Other interesting associations were made in the article, which is available as full text in the link above, including rates of sexual abuse, and associations between types of headaches and pelvic pain. The bottom line is that headaches and pelvic pain can occur together, and that based on this research, many women are still suffering for long periods of time without accessing care for pelvic pain. When it comes to headaches, there are many types of headaches, and many other conditions that occur and can cause pain in the head, face, and neck. If you would like to sharpen your clinical tools related to headaches, as well as dizziness and vertigo, you still have time to sign up for the Institute’s new continuing education course on Neck Pain, Headaches, Dizziness, and Vertigo that takes place in Rockville in November.
Today we get to hear from Mitch Owens, MsPT, COMT who is the author and instructor of "Neck Pain, Headaches, Dizziness, and Vertigo: Integrating Vestibular and Orthopedic Treatment". Join Mitch in Rockville, MD on November 14-15 in order to learn more about treating patients with head trauma.
Following a whiplash injury, concussion or vestibulopathy patients will complain of the same cluster of symptoms: neck pain, dizziness, and headache. In order to properly treat patients complaining of these symptoms a clinician must first be able to determine the source and understand the physiology at work to reason out the best plan of care.
Treating individuals for dizziness, neck pain and headaches requires a refined understanding of the systems involved, the clinical tests that can be used to differentiate symptom generation and then finally which evidence based interventions should be deployed.
A patient who presents with a complaint of dizziness or vertigo following a trauma to the head or neck will challenge the examination skills of even the best practitioners. The list of differential diagnosis includes a number of conditions that could prove to be quite threatening to the patient with or without intervention. These conditions include: vertebral basilar insufficiency, cervical fracture, dislocation or instability, stroke, traumatic brain injury, concussion, and peripheral vestibulopathy to name a few. The ability to clinically reason and properly assess these individuals is crucial to the effective management of any orthopedic or neurologic case load.
Clinicians treating either population need skill sets that bridge the orthopedic and neurologic expertise gap that often exist if clinicians. The need to close this gap is highlighted the following facts:
- 15-20% of Benign Paroxysmal Positional Vertigo is caused by trauma (Gordon, Carlos et al. 2004).
- 19% of cases of whiplash demonstrated vestibulopathy with videonystagmography (VNG) testing within 15 days of their accident (Nacci, A. et al 2011).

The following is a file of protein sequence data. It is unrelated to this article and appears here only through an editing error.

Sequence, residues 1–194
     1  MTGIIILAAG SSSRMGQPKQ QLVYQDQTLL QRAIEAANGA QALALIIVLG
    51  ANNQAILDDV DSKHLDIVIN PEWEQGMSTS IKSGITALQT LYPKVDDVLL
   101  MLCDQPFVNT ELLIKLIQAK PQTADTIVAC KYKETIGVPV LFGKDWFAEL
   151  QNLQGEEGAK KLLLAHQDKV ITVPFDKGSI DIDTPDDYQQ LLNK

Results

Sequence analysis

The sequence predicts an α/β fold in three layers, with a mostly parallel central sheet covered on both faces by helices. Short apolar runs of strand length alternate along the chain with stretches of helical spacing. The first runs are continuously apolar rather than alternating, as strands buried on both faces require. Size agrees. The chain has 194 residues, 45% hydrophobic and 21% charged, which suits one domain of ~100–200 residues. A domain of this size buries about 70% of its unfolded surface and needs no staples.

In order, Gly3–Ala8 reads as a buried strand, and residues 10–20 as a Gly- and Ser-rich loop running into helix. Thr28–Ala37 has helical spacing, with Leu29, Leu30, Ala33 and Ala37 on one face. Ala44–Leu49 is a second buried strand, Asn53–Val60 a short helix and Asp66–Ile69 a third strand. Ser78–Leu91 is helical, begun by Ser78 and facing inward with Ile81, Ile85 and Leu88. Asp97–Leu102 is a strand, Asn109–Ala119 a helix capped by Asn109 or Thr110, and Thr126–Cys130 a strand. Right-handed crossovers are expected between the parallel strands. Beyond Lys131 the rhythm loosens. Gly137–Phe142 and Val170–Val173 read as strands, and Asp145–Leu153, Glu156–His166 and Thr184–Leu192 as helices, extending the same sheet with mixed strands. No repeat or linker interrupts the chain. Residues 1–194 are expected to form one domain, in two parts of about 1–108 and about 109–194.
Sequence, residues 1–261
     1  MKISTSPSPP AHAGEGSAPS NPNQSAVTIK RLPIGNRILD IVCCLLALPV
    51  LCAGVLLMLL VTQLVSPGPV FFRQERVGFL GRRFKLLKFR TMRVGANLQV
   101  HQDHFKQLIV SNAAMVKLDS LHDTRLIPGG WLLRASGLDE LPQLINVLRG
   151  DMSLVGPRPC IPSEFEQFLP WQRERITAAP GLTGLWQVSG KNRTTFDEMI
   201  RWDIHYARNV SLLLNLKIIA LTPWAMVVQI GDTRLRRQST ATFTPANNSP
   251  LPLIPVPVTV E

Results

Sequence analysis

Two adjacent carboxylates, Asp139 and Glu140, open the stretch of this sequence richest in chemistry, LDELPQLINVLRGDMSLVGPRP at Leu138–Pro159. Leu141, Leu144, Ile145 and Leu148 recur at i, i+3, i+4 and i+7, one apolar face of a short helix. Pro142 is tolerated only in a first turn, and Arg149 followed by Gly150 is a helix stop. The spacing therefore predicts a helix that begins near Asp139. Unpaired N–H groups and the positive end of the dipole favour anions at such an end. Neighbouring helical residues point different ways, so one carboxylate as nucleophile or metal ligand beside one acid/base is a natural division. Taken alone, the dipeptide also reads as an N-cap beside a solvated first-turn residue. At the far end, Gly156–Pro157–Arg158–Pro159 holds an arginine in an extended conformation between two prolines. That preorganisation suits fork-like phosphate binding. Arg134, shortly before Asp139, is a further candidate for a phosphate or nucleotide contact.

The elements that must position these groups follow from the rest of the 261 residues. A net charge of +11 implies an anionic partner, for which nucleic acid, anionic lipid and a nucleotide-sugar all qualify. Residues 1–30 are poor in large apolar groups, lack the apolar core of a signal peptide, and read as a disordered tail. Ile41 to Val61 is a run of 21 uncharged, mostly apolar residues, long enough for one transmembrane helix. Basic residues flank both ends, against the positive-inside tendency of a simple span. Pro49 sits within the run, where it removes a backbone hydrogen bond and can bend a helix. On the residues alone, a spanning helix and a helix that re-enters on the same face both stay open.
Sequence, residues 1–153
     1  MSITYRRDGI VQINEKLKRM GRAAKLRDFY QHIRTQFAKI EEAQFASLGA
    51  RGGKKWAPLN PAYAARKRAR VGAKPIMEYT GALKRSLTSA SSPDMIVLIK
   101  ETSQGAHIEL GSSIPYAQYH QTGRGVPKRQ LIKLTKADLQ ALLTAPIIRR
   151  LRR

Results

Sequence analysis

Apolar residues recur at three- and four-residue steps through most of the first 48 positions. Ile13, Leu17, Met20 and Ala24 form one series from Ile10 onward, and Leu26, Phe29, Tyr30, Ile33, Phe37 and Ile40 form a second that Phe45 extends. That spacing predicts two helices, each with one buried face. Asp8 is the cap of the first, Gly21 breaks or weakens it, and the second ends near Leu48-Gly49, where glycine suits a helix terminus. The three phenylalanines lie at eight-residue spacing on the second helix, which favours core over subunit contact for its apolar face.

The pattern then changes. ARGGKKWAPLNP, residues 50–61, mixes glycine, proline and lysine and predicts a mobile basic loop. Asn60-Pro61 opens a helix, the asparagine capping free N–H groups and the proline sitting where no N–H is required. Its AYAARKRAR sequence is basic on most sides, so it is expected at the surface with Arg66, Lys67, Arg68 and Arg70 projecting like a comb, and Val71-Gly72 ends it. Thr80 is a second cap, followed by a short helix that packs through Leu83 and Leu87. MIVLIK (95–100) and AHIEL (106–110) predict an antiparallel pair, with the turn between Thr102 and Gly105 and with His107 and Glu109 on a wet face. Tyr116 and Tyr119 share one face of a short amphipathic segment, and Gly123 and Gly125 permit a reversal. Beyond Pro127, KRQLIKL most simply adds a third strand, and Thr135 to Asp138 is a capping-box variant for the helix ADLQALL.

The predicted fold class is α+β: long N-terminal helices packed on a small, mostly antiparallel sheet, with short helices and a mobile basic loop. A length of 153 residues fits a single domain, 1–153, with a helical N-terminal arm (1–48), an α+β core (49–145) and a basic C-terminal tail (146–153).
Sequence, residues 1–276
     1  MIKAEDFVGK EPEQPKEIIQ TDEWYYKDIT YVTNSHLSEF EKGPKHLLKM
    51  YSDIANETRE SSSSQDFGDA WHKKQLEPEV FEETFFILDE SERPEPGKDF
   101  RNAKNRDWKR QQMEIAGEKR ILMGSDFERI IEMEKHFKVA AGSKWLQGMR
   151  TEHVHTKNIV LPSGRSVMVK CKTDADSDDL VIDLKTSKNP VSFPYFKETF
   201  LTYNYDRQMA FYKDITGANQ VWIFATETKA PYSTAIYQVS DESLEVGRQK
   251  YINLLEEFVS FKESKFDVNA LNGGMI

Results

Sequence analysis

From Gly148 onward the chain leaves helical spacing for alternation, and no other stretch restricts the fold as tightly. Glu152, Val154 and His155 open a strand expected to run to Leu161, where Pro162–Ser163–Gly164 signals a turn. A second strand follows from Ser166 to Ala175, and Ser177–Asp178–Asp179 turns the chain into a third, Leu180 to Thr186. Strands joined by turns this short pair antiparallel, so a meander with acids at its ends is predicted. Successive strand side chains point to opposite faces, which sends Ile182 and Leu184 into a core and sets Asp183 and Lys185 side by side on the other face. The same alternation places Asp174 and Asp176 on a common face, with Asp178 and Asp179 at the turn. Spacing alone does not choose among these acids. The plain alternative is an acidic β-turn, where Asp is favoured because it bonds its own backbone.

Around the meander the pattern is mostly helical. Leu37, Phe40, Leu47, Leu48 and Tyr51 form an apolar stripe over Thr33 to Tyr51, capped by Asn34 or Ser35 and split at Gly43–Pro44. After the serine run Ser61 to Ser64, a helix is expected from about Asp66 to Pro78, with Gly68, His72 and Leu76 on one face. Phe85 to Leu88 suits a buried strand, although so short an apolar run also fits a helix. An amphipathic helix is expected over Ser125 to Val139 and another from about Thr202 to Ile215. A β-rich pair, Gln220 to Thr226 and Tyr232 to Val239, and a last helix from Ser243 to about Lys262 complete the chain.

- 60% of cases of whiplash with head trauma demonstrated vestibulopathy (Nacci, A. et al. 2011).
- Dizziness is reported 20-58% of whiplash patients (Wrisley DM et al. 2000).
- Between 40%-70% of individuals with persistent whiplash associated disorders complain of dizziness (Treleaven, Julia et al. 2003).
- The incidence of cervicogenic dizziness has been reported to be 7.5% of all dizziness (Ardic FN, et al. 2006)
Recent evidence has shown that sensory dysfunction is as much a part of dizziness as it is a component of chronic neck pain (Treleaven, Julia et al. 2003).
Interventions directed at training cervical proprioception have been show to significantly reduce pain and has improved function in patients with chronic neck pain (Revel, Michel, et al 1994). Manual therapy techniques directed at the upper cervical spine have also been shown to effectively treat dizziness in randomized control trials (Reid, Susan A., et al. 2013).
Thus we are learning the ability to effectively measure and treat neurologic dysfunction is an important part of address cervical spine issues. It is equally true that being able to assess and treat cervical spine dysfunction is an important part of treating patients who complain of dizziness.
Enhancing your neurologic and orthopedic skill set is clearly useful for any clinician and will help improve your outcomes across all patient populations. Continued training in these areas will expand what patients you can see, add to your clinical tool belt, and improve your confidence within your current caseload.
Ardic FN, Topuz B, Kara CO. Impact of multiple etiology on dizziness handicap. Otol Neurotol. 2006;27:676 – 680.
Gordon, Carlos R., et al. "Is posttraumatic benign paroxysmal positional vertigo different from the idiopathic form?." Archives of Neurology 61.10 (2004): 1590-1593.
Nacci, A., et al. "Vestibular and stabilometric findings in whiplash injury and minor head trauma." Acta Otorhinolaryngologica Italica 31.6 (2011): 378.
Reid, Susan A., et al. "Comparison of Mulligan Sustained Natural Apophyseal Glides and Maitland Mobilizations for Treatment of Cervicogenic Dizziness: A Randomized Controlled Trial." Physical therapy (2013).
Revel, Michel, et al. "Changes in cervicocephalic kinesthesia after a proprioceptive rehabilitation program in patients with neck pain: a randomized controlled study." Archives of physical medicine and rehabilitation 75.8 (1994): 895-899.
Treleaven, Julia, Gwendolen Jull, and Michele Sterling. "Dizziness and unsteadiness following whiplash injury: characteristic features and relationship with cervical joint position error." Journal of Rehabilitation Medicine 35.1 (2003): 36-43.
Wrisley DM, Sparto PJ, Whitney SL, Furman JM: Cervicogenic dizziness: a review of diagnosis and treatment. Journal of Orthopaedic & Sports Physical Therapy 2000, 30(12):755-766.